The Food and Drug Administration approved its first biosimilar product last week, opening the door for more costly drug alternatives.
It's not hard to see why the Ebola outbreak has so many of us on edge. It's sort of like the proverbial monster under the bed. Except this time, the monster is no figment of our imagination. And now it appears ready to pounce on us.
A terminally ill nursing home resident in Ohio has died after his son is alleged to have smothered him, according to police.
This is a very hard blog for me to write. My mother just passed away. It was very sudden and not expected. I am blessed to have two mothers: A step-mother who has been in my life since I have been 8 years old (the nurse I often speak of and call "Mom") and "Mother" who just passed. But the reason I am writing this is not to garner sympathy or share my pain, but to share a rare experience that I think only those of us in healthcare may understand.
One of the occupational hazards of being a journalist is that you often have to distribute bad news. But every so often you get to share something that's a bit more cheerful. This is one of those times.
The Food and Drug Administration is investigating a possible link between commonly prescribed diabetes drugs and pancreatic cancer. The drugs, including Januvia and Byetta, were previously connected with fatal cases of pancreatic inflammation known as pancreatitis.
It's not a secret that employees who work in healthcare, whether they are medical journalists or nurses, don't always earn gold stars when it comes to managing their own health. Witness the nurses clustering in a "butt hut" outside a facility, an administrator taking a cavalier approach to his or her diet, or saleswomen wearing sole-killing heels at a conference.
Comedienne Tig Notaro — from what I've been able to glean in my relatively brief history as a fan of her comedy — does not appear to have any connection with the long-term care industry. But in listening to her now famous standup act that announced her diagnosis of breast cancer, I had a feeling many in the LTC field would welcome her as one of their own.
If seniors have to pay a higher portion of their medical costs, it could lead to their financial ruin, especially if they have dementia, a study asserts.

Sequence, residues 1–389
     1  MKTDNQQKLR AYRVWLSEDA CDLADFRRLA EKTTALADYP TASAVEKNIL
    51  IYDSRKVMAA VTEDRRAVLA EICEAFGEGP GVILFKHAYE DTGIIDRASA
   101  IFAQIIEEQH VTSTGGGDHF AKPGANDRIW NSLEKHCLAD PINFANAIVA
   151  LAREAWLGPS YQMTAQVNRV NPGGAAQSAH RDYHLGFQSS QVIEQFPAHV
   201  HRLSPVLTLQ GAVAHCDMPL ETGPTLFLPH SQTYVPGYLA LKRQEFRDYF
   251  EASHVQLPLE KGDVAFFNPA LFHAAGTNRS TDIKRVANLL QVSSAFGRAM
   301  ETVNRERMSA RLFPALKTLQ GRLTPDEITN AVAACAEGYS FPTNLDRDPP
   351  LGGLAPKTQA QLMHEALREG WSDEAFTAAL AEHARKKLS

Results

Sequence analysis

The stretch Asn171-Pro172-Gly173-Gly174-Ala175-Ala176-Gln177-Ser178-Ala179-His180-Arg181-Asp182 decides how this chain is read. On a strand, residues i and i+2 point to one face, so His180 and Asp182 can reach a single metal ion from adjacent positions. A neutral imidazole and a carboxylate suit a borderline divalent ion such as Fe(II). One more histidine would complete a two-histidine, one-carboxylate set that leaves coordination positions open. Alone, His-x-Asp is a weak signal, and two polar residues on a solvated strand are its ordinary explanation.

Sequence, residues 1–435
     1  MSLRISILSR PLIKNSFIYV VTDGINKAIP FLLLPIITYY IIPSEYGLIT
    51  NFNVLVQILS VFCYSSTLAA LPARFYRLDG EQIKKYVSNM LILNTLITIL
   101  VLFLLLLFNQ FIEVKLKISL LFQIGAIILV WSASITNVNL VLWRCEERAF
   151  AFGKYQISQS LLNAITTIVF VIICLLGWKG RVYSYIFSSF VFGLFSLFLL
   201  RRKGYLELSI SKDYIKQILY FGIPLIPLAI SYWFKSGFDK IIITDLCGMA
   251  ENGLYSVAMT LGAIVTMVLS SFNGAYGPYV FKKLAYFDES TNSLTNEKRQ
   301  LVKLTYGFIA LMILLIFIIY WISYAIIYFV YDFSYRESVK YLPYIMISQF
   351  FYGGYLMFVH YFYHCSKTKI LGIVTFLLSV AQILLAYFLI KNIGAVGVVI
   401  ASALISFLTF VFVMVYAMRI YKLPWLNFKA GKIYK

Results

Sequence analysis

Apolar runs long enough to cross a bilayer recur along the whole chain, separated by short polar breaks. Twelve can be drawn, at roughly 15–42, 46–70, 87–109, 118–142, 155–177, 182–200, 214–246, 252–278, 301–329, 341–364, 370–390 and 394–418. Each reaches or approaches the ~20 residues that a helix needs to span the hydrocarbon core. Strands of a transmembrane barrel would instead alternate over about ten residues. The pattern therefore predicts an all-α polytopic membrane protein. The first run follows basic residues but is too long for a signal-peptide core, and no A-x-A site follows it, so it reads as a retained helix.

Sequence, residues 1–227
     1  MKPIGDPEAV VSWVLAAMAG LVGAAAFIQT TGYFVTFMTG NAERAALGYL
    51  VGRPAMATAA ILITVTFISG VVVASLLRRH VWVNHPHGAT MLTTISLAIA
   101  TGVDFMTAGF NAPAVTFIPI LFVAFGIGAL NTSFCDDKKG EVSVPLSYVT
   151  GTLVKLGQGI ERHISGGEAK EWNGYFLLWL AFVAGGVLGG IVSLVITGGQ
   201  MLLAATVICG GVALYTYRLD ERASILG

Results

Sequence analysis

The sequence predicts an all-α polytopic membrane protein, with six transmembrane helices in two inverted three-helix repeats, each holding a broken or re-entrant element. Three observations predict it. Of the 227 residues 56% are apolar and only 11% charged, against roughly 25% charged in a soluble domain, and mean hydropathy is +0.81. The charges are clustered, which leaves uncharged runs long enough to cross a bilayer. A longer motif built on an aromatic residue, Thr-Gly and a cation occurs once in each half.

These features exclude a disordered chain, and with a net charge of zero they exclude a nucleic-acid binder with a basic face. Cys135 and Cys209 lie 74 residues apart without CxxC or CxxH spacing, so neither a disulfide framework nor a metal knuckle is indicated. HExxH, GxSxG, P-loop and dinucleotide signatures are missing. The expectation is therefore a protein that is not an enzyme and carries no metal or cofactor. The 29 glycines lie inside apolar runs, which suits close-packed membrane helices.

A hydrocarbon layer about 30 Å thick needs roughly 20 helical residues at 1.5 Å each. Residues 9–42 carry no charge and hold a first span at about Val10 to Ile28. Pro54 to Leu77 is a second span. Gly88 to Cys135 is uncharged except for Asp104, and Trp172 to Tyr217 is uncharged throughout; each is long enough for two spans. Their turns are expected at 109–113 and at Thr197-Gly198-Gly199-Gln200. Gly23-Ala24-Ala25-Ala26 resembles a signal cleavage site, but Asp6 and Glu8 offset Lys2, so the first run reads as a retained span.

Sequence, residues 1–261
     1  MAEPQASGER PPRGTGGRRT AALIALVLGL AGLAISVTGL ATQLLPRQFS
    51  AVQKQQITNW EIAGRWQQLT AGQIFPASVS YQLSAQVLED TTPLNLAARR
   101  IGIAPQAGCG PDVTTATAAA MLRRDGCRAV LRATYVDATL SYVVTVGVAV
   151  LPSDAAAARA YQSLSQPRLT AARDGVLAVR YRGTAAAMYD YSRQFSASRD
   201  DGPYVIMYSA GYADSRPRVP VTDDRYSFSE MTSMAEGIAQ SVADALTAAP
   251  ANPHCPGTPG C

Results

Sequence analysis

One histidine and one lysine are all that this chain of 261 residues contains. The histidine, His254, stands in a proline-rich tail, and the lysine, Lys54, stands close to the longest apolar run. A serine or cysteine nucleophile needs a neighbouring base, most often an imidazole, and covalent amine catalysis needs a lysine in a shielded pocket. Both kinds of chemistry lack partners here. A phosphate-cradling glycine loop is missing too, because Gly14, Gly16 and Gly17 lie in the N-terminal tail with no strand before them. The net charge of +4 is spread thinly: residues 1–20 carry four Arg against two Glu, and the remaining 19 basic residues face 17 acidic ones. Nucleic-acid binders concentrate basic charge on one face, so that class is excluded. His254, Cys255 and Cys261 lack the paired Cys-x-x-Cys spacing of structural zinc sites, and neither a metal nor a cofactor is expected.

The Obama administration has said it will devote $50 million to fund Alzheimer's research this year, and an additional $80 million in 2013.
Medicare should reimburse for medical nutrition therapy (MNT) — or consultations with a registered dietician — to prevent and treat chronic health conditions such as hypertension, obesity, cancer and renal disease.
The number of cancer survivors over the age of 65 is expected to increase by about 42% over the next 10 years, which could present new challenges to the healthcare community, study results show.
Those of us who were fortunate enough to work alongside Dr. Paul Willging quickly learned of the depth of his commitment to long-term care and to those people who dedicate their lives to providing such care.
One of the realities of the national budget crisis is that government funding for age-related health conditions — particularly Alzheimer's — is drying up, says a new report from the Alzheimer's Foundation of America.
The first rule of any debate, or "heated" discussion, is to know your definitions. If you don't, not much else matters. With caregiving, it comes down to knowing your people.
The Centers for Medicare & Medicaid Services on Tuesday ended its contract with Fox Insurance Company after an on-site review revealed serious policy violations. It represents the first time that CMS has terminated a contract with a Part D drug plan since the drug program began in 2006, according to CMS.